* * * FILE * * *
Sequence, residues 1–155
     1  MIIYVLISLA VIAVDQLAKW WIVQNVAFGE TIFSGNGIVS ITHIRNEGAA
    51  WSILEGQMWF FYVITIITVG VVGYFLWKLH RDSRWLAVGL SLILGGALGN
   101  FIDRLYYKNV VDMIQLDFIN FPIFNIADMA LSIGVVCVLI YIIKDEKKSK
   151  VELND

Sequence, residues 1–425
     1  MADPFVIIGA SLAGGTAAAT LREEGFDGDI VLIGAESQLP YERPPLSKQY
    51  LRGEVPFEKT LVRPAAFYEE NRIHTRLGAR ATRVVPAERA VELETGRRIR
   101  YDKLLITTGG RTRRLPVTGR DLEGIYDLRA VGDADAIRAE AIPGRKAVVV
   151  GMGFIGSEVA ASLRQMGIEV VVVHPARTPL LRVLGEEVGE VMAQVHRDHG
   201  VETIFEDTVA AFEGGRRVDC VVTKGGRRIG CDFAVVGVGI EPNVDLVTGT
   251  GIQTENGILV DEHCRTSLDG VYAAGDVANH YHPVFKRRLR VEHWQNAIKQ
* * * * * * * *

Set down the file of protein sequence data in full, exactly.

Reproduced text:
Sequence, residues 1–155
     1  MIIYVLISLA VIAVDQLAKW WIVQNVAFGE TIFSGNGIVS ITHIRNEGAA
    51  WSILEGQMWF FYVITIITVG VVGYFLWKLH RDSRWLAVGL SLILGGALGN
   101  FIDRLYYKNV VDMIQLDFIN FPIFNIADMA LSIGVVCVLI YIIKDEKKSK
   151  VELND

Sequence, residues 1–425
     1  MADPFVIIGA SLAGGTAAAT LREEGFDGDI VLIGAESQLP YERPPLSKQY
    51  LRGEVPFEKT LVRPAAFYEE NRIHTRLGAR ATRVVPAERA VELETGRRIR
   101  YDKLLITTGG RTRRLPVTGR DLEGIYDLRA VGDADAIRAE AIPGRKAVVV
   151  GMGFIGSEVA ASLRQMGIEV VVVHPARTPL LRVLGEEVGE VMAQVHRDHG
   201  VETIFEDTVA AFEGGRRVDC VVTKGGRRIG CDFAVVGVGI EPNVDLVTGT
   251  GIQTENGILV DEHCRTSLDG VYAAGDVANH YHPVFKRRLR VEHWQNAIKQ